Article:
Insert the BT-1000 CD-ROM into your CD-ROM drive.
c.
Click AddFont in the AddFont folder in the CD-ROM.
d.
A screen similar to the one below appears:
e.
Select the appropriate printer. Depending on your printer and PC configuration,
the display will vary.
4
f.
Click the OK button to send the font activation key. The printer will receive the
activation key. Wait at least 30 seconds.
g.
Switch the printer off and then on.
h.
Print, PRINT FONTS by using the control panel. You can check the newly
activated fonts.
2 Other Operating Systems
If you are using another operating system such as Linux, Unix, OS/2, etc, follow the
steps below:
a.
Insert the BT-1000 CD-ROM into your CD-ROM drive.
b.
Select the AddFont.bin file in the Others folder in the CD-ROM and send it to
the printer. The printer will receive the activation key. Wait at least 30 seconds.
c.
Switch the printer off and then on.
d.
Print, PRINT FONTS by using the control panel. You can check the newly
activated fonts.
5
Chapter 2
BT-1000 Barcode Font Solutions Manual
1 Code 128
1.1
About Code 128
Introduced in 1981, Code 128 bar codes are used extensively by the shipping
industry, as well as for inventory, ID, and tracking purposes. It is often selected over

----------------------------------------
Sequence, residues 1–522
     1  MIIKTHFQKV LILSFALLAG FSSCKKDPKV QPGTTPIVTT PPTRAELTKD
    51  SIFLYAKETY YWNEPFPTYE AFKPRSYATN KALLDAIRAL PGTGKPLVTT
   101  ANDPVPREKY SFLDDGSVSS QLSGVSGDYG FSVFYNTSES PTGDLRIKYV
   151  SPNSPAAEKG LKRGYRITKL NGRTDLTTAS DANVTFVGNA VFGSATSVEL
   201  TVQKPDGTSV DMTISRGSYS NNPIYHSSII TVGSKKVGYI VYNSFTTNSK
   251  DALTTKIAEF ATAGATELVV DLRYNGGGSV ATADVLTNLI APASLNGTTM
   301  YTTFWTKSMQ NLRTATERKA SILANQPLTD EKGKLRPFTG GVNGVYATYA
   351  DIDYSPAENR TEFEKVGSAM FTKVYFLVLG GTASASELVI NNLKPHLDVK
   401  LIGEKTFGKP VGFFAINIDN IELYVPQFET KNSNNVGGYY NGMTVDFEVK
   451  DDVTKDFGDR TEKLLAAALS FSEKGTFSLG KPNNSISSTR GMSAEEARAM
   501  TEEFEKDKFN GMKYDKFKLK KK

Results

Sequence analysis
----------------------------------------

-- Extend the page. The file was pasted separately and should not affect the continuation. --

Code 39 when space is at a premium and because it offers a much larger selection
of characters. The Code 128 standard is maintained by AIM (Automatic Identification
Manufacturers).
Code 128 provides a very dense numeric-only bar code, and a dense alphanumeric
bar code. This is a continuous code, of variable length, bi-directional and selfchecking. It is designed to encode all 128 ASCII characters, and is optimized to
compress the bar code. It will use the least amount of space for data of 6 characters
or more of any 1-D symbol.
The character set includes the lower 128 ASCII characters with upper and lowercase
letters, numbers, punctuation, and control codes. A check digit, determined by
Modulus 103, is placed at the end of the message before the end character, for data
integrity purposes. The symbol can be as long as necessary to store the encoded
data.
1.2
Choosing the Right Font and Size
BT-1000 includes three different fonts used to create bar code symbols of different
densities. Changing fonts alters the width of a bar code without affecting the
symbol’s height. BT-1000 supports Code set A, Code set B and Code set C.
Like any TrueType or Type 1 font, the bar code fonts can be scaled to any size. Any